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Maintenance

Maintenance

Supported only for kubernetes clusters.

Note: The new procedure to replace nodes is supported for clusters created after Thu Jun 20, 2019 10:00. https://cern.service-now.com/service-portal?id=outage&n=OTG0050807

Node Upgrade with Node Groups

This procedure documents a way to upgrade cluster nodes - kernel, containerd, etc - or some of the system components - kubelet, kube-proxy, ... - without redeploying the full cluster, by creating a new node group with an updated image and label properties.

In the example below we update the image (Fedora 35) to get a new kernel, and pass the required label to update the the Nvidia GPU module.

  1. Create a new node group (ng-5-16-13 below) with the new image and new GPU label. This will be the new node group replacement all the old nodes at the end of the process. In this case we start with 1 node, but we could have more

    openstack coe nodegroup list rocha-001
    | default-master |          1 |
    | default-worker |          2 |
    | ng-5-16-13-200 |          1 |
    
    openstack coe nodegroup create <CLUSTER> <NODEGROUP> \
      --flavor <NODEFLAVOR> --node-count 1
      --image 0548fdd4-2bf4-4678-9d43-b873da90f60f \
      --merge-labels --label nvidia_gpu_tag=35-5.15.18-200.fc35.x86_64-470.82.00
    

    Example:

    openstack coe nodegroup create rocha-001 ng-5-16-13 \
      --flavor m2.medium --node-count 1 \
      --image 0548fdd4-2bf4-4678-9d43-b873da90f60f \
      --merge-labels \
      --label nvidia_gpu_tag=35-5.16.13-200.fc35.x86_64-470.82.00 \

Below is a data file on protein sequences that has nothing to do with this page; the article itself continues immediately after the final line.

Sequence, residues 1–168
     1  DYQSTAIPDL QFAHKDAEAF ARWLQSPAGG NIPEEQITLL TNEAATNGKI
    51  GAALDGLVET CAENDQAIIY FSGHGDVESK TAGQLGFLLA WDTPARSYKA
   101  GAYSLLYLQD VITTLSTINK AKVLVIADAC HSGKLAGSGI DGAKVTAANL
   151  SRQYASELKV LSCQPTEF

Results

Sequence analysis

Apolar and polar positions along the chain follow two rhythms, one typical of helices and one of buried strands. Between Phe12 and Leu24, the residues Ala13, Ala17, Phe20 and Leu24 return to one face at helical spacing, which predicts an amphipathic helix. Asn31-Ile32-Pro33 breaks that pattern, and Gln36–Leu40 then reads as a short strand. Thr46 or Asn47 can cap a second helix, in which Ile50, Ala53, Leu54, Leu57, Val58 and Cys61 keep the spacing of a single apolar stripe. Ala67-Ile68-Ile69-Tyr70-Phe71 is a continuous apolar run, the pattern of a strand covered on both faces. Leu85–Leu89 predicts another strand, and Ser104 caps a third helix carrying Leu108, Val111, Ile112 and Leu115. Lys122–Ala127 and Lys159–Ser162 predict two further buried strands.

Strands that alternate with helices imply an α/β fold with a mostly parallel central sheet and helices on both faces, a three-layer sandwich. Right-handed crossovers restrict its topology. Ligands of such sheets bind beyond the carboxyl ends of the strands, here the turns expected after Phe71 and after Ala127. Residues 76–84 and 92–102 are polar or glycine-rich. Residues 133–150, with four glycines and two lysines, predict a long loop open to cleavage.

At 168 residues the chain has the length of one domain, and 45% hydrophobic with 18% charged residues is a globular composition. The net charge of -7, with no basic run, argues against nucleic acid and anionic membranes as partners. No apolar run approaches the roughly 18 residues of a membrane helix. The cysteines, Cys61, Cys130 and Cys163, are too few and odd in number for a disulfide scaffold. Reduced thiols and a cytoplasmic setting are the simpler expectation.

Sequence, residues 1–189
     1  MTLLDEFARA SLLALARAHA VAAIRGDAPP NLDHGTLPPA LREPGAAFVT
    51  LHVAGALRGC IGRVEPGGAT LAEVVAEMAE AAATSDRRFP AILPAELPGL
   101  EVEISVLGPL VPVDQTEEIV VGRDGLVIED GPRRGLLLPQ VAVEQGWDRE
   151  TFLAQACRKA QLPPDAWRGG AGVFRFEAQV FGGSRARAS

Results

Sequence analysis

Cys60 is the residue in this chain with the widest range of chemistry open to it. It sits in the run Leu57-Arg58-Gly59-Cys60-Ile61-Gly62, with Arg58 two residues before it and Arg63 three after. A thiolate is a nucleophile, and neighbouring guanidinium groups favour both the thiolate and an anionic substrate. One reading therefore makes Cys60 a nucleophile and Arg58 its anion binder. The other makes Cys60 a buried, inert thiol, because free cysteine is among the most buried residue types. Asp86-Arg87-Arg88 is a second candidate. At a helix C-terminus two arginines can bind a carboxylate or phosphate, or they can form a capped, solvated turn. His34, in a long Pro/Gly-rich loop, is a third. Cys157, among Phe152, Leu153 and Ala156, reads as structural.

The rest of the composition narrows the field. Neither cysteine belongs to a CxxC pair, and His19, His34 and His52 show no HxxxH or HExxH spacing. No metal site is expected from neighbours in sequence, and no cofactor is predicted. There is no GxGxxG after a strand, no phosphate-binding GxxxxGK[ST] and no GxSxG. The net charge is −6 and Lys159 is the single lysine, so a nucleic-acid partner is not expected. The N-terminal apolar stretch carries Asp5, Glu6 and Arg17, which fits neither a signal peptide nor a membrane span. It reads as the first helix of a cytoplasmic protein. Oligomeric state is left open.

--labels ignition_version=3.3.0 \
      --labels containerd_tarball_url=https://s3.cern.ch/cri-containerd-release/cri-containerd-cni-1.4.13-1-linux-amd64.tar.gz \
      --labels containerd_tarball_sha256=d38fb61ae471d4658e3230a83c3b0033914de58a18588cac7a069225dd5c9122 \
      --labels kube_tag=v1.22.3-cern.1
    
  2. After a couple minutes the new node should be up and ready to take workloads. If you don't want this immediately, make sure you cordon the new node

    kubectl get node
    rocha-001-wk4lixixxz6y-master-0         ... v1.22.3   Fedora CoreOS 34.20210529.3.0   5.12.7-300.fc34.x86_64   containerd://1.4.3
    rocha-001-wk4lixixxz6y-node-0           ... v1.22.3   Fedora CoreOS 34.20210529.3.0   5.12.7-300.fc34.x86_64   containerd://1.4.3
    rocha-001-wk4lixixxz6y-node-1           ... v1.22.3   Fedora CoreOS 34.20210529.3.0   5.12.7-300.fc34.x86_64   containerd://1.4.3
    rocha-001-ng-5-16-1-xunwhnak3zpl-node-0 ... v1.22.3   Fedora CoreOS 35.20220227.2.1   5.16.13-200.fc35.x86_64  containerd://1.4.13
    
  3. Validate workloads landing in the new nodes to check all is well. You can also force new workloads into the new node(s) by cordoning old nodes

    kubectl cordon rocha-001-wk4lixixxz6y-node-0
    rocha-001-wk4lixixxz6y-node-0   Ready,SchedulingDisabled   ...
    
  4. If things look good, wait for workloads in the old (cordoned) nodes to finish, and gradually drop empty old nodes and grow the new node group correspondingly. In the first command below, the --nodes-to-remove option takes the index of the node(s) to be removed from the nodegroup